- The Washington Times - Sunday, September 9, 2007

Common Sense Media, a nonprofit group dedicated to improving the entertainment lives of families, provides reviews of the latest movies from a parenting perspective. For more reviews, click on www.commonsensemedia.org.

‘Shoot ‘Em Up’

Rating: R

Common Sense Media: Pause. For ages 17 and older.

…(out of five stars)

Running time: 87 minutes

Common Sense review: The action in “Shoot ‘Em Up” starts right away. Minding his own business, Mr. Smith (Clive Owen) is barely bothered when he first sees a screaming pregnant woman (Ramona Pringle) running from a gun-wielding assailant. But, being a hero, Smith is soon engaged in trying to save the woman. When the woman is killed amid the mayhem, Smith is left guardian of her infant. And with that, the plot begins.

Outrageous and antic, Michael Davis’ film simultaneously spoofs and pays homage to everything from Bugs Bunny to Indiana Jones and James Bond. Superskilled (he was trained by the U.S. military in his secret past) and intensely focused, Smith is determined to save the baby, although he knows nothing about how to feed or clothe it.

Smith is so fast and furious during his always-triumphant encounters with bad guys that he’s deemed a “wascally wabbit” by the malevolent Mr. Hertz (Paul Giamatti). The pair’s antagonism escalates exponentially, accompanied by all manner of gunplay and wild stunts.

Common Sense note: Parents need to know that this over-the-top, gun-focused action movie brims with wild violence and its effects. Much of it is presented in a comic, cartoonishly excessive way, but characters are still left torn, bloodied, bruised and broken. Violent acts are mostly shooting-related, but there are explosions and car crashes too — all with painful-looking results. Language is salty, but probably not as plentiful as you would expect — mostly because so much of the screen time is spent shooting instead of talking.

Families can talk about the movie’s cartoonish approach to violence. How does seeing the kind of extreme violence typical of Looney Toons shorts translated to live-action affect your opinion of both approaches? Is animated violence easier to stomach than its real-life counterpart? Why do we as filmgoers like to see things go bang and blow up? What are the consequences of violence in real life? What messages is the movie sending about guns and “gun control”?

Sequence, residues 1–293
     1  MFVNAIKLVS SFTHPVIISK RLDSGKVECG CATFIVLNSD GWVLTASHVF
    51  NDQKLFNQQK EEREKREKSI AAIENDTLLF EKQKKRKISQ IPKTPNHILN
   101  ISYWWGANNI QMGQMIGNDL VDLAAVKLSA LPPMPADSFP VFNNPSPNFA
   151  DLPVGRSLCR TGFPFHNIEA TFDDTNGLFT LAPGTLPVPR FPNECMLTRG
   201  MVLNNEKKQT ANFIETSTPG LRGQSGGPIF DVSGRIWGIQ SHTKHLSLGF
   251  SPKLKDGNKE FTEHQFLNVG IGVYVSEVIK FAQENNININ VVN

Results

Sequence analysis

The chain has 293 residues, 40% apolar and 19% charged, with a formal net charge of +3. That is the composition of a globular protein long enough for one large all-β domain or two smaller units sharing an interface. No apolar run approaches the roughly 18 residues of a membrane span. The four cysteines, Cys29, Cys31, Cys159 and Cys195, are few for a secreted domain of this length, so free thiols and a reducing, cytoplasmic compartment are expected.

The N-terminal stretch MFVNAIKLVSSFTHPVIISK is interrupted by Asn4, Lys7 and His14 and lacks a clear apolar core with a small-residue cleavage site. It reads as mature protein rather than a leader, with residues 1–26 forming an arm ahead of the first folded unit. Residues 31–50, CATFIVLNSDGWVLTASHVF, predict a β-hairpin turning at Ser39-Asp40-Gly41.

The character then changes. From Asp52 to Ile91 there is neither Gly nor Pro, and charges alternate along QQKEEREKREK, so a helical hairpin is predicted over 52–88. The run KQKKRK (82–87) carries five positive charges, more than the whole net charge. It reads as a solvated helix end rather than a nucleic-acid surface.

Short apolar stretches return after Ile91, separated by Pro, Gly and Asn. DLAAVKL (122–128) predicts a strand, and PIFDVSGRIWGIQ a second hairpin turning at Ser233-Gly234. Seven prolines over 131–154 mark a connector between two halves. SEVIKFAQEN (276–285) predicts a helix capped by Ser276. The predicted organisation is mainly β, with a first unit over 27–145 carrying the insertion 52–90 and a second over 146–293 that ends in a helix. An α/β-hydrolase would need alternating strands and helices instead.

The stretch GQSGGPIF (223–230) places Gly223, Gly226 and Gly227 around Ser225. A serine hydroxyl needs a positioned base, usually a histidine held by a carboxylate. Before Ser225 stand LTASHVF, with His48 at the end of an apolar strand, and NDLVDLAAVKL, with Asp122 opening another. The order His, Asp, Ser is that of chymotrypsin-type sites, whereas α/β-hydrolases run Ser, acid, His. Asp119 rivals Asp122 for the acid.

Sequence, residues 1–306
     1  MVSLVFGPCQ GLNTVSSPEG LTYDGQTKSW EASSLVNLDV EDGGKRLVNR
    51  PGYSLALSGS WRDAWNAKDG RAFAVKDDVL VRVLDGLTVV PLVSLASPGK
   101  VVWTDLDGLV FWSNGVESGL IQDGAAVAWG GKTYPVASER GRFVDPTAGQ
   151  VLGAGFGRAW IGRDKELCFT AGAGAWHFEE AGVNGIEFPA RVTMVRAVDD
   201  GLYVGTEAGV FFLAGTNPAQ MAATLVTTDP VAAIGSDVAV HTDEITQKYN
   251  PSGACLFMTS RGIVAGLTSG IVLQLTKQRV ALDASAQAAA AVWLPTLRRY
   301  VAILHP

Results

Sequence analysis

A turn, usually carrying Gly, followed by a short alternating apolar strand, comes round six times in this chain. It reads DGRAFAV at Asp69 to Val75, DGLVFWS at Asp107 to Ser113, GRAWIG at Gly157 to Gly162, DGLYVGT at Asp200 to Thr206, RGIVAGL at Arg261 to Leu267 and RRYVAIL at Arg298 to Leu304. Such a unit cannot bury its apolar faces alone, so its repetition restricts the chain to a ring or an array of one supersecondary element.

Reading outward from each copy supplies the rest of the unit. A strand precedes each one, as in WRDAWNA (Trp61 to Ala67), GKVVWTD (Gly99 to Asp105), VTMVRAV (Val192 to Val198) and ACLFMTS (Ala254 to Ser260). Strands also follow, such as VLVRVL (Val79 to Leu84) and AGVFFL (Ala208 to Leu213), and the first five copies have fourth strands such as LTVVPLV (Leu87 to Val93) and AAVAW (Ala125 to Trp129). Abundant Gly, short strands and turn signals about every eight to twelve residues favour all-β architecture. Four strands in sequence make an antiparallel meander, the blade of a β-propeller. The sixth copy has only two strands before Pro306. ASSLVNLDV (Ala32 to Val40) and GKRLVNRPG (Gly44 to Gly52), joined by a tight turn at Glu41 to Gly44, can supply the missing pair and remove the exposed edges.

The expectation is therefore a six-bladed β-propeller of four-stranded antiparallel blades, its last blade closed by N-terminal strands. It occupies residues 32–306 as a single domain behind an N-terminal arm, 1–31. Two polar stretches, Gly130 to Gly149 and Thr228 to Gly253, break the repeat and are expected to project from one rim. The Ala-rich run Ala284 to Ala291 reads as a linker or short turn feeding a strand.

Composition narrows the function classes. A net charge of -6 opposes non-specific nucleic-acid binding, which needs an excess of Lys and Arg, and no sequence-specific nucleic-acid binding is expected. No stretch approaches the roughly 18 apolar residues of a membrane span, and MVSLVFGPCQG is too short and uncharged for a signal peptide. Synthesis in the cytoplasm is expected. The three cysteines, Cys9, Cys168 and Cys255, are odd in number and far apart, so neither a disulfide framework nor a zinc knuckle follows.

Sexual content: Repeated female nakedness, particularly breasts. Frequent references to and images of prostitutes. An elaborate, comic sex scene has the woman moaning ecstatically as she and partner are shot at and assaulted (no explicit body parts are seen, but nudity is clear, as is the activity).

Language alert: Some clever use of language, plus a range of spoken-yelled vulgarity.

Violence alert: Many, many guns. They’re shot, thrown, exploded, bought, brandished, compared, cleaned, heated to burn someone and arranged into grand traps. Lots of loud gunfire, car crashes, bloody bodies dropping, blood spurting and oozing, and lasting wounds, scars and bruises with bloody bandages. The first scene shows a mother giving bloody birth, after which she’s fatally shot. The baby is frequently in danger; at other times, Smith teaches him the parts and uses of a handgun.

Social-behavior alert: The hero is stoic and virtuous — and a killing machine; the villain is snarly and underhanded; a politician is hypocritical.

Drug-alcohol-tobacco alert: Hertz takes a combination of vodka and Tylenol; reference to morphine.

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